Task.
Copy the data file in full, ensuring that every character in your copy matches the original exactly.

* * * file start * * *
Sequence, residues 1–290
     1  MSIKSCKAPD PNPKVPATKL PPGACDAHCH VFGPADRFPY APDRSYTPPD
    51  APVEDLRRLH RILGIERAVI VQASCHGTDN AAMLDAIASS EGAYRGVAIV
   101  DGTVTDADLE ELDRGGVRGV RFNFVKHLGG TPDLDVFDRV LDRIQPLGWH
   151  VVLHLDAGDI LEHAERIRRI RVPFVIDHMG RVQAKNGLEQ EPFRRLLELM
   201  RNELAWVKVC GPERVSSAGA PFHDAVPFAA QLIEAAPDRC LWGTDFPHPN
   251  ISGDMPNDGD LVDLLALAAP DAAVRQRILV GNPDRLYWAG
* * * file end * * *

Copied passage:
Sequence, residues 1–290
     1  MSIKSCKAPD PNPKVPATKL PPGACDAHCH VFGPADRFPY APDRSYTPPD
    51  APVEDLRRLH RILGIERAVI VQASCHGTDN AAMLDAIASS EGAYRGVAIV
   101  DGTVTDADLE ELDRGGVRGV RFNFVKHLGG TPDLDVFDRV LDRIQPLGWH
   151  VVLHLDAGDI LEHAERIRRI RVPFVIDHMG RVQAKNGLEQ EPFRRLLELM
   201  RNELAWVKVC GPERVSSAGA PFHDAVPFAA QLIEAAPDRC LWGTDFPHPN
   251  ISGDMPNDGD LVDLLALAAP DAAVRQRILV GNPDRLYWAG